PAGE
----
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AH-1Z Viper

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AH-1Z Viper
An USMC AH-1Z Viper undergoing testing at NAS Patuxent River
Type Attack helicopter
Manufacturer Bell Helicopter
Maiden flight 2000
Status In development
Primary user United States Marine Corps
Developed from AH-1W SuperCobra

The Bell AH-1Z Viper is a twin-engine attack helicopter based on the AH-1W SuperCobra for the United States Marine Corps. The Viper features a four bladed bearingless, composite main rotor system, uprated transmission, and a new Target Sight System incorporating a third-generation Forward Looking infrared (FLIR) sensor.


In 1996, the US Marines launched the H-1 Upgrade Program by signed a contract with Bell for upgrading 180 AH-1Ws into AH-1Zs (upgrading 100 UH-1Ns into UH-1Ys also included).[1][2] The AH-1Z program progressed slowly from 1996 to 2003 largely as a research and development operation.[2] The existing two-bladed semi-rigid, teetering rotor system is being replaced with a four-bladed, hingeless, bearingless rotor system. The improvement in flight characteristics provided by the four-bladed configuration has led to increases in flight envelope, maximum speed, vertical rate-of-climb, payload and rotor vibration level.[3]

Northrop Grumman has developed the integrated avionics systems for the AH-1Z. The systems include two mission computers and an automatic flight control system with four-axis stability control augmentation system. Each crew station has two 8" x 6" multifunction displays and one 4.2" x 4.2" dual function display, based on active matrix liquid crystal color technology. The displays are supplied by L-3 Ruggediszed Command and Control Solutions. The communications suite combines the new US Navy RT-1824 integrated radio, UHF/VHF, COMSEC and modem in a single unit. The navigation suite includes an Embedded GPS Inertial (EGI), a low-airspeed air data subsystem, which allows weapons delivery when hovering and a digital map.[3]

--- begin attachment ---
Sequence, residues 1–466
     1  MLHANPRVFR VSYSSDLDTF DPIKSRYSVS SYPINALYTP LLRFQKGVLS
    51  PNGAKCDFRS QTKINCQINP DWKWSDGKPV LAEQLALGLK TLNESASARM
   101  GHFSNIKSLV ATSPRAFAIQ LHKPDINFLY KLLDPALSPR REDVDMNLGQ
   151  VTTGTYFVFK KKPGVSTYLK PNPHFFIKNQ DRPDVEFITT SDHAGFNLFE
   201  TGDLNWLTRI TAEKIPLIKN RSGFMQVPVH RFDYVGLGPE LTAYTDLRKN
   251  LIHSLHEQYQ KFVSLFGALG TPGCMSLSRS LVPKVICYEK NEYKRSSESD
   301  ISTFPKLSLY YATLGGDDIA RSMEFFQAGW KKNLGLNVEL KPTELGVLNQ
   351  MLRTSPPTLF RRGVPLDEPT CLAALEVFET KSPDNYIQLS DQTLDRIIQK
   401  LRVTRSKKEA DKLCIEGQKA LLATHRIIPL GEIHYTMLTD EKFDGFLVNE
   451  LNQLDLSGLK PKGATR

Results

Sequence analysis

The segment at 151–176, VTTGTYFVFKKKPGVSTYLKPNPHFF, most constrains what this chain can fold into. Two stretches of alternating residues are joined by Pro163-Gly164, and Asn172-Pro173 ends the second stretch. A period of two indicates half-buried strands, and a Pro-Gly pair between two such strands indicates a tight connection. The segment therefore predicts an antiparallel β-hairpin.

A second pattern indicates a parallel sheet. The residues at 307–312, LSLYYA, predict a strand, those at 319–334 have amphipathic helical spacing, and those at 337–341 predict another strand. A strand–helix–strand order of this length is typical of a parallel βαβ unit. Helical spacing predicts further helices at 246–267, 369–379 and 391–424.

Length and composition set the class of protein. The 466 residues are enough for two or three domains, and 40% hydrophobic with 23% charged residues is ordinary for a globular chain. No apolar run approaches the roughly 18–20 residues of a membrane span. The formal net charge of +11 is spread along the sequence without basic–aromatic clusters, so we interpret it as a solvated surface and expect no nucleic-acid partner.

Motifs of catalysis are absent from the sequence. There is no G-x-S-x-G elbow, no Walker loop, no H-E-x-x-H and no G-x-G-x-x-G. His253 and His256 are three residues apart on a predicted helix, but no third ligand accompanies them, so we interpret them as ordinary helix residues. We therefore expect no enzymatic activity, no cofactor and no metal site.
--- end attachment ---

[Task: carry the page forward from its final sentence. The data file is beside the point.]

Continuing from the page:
The AH-1Z's first flight was conducted in December 8, 2000,[4] to be followed by low-rate initial production beginning in February 2002, with deliveries running from 2009 through 2013. Three prototype aircraft were delivered to NAVAIR Patuxent River, in July 2002 for the flight test phase of the program. On October 15, 2005 the US Marine Corps, through the Naval Air Systems Command, accepted delivery of the first AH-1Z Viper helicopter to enter the fleet.

Bell Helicopter participated in the Marines' H-1 Upgrade Program, and had been operated by a joint Bell-Government Integrated Test Team during the Engineering Manufacturing Development (EMD) phase of the program. During first quarter 2006 the aircraft were transferred to the Operational Test Unit at the Naval Air Station Patuxent, where they began Operational Evaluation (OPEVAL) training. The H-1 program creates a completely modernized attack and utility helicopter that have considerable design commonality to reduce operating costs. The AH-1Z and UH-1Y share common tail boom, engines, rotor system, drive train, avionics architecture, software, controls and displays for over 84% identical components. This should drive down maintenance while improving reliability for a cost savings of over $3B over the 30 year program.[1]